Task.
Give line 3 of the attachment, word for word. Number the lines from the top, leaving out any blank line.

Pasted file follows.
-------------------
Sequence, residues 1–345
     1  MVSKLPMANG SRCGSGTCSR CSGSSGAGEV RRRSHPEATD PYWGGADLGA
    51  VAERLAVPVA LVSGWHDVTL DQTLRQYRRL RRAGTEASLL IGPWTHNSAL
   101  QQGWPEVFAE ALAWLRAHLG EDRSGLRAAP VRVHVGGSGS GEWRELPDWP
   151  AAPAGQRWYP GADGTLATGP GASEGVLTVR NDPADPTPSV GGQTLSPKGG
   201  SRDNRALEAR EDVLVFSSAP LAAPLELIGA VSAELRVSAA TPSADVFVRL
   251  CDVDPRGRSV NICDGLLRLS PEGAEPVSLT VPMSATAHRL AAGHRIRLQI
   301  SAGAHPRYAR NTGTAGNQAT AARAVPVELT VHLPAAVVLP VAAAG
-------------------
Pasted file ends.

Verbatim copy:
    51  VAERLAVPVA LVSGWHDVTL DQTLRQYRRL RRAGTEASLL IGPWTHNSAL